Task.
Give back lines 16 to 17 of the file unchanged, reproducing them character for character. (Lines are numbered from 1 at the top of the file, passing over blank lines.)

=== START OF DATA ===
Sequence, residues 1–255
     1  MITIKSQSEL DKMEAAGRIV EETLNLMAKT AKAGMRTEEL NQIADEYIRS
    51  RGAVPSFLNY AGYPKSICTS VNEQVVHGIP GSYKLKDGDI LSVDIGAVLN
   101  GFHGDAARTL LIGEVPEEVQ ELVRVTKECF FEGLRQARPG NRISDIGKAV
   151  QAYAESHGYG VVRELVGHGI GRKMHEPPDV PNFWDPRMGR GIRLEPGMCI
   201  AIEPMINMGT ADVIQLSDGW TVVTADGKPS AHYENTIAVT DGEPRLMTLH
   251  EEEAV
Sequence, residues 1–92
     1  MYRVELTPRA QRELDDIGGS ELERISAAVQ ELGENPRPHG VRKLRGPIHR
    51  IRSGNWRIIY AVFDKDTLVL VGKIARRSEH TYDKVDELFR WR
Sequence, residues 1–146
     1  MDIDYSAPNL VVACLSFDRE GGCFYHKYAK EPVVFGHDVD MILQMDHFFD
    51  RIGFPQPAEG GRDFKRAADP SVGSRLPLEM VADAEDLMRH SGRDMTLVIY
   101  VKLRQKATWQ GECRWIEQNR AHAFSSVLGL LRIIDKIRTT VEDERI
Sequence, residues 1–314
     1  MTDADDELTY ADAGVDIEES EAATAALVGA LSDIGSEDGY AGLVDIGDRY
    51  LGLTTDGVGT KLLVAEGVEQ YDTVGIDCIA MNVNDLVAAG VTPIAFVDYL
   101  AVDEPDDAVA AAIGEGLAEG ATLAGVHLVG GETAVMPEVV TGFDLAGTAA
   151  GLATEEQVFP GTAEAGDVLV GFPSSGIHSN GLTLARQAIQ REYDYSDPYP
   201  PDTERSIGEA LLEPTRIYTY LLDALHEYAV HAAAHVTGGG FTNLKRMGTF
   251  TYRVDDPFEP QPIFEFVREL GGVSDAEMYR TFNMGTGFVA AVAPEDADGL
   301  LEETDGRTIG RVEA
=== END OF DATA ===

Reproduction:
     1  MTDADDELTY ADAGVDIEES EAATAALVGA LSDIGSEDGY AGLVDIGDRY
    51  LGLTTDGVGT KLLVAEGVEQ YDTVGIDCIA MNVNDLVAAG VTPIAFVDYL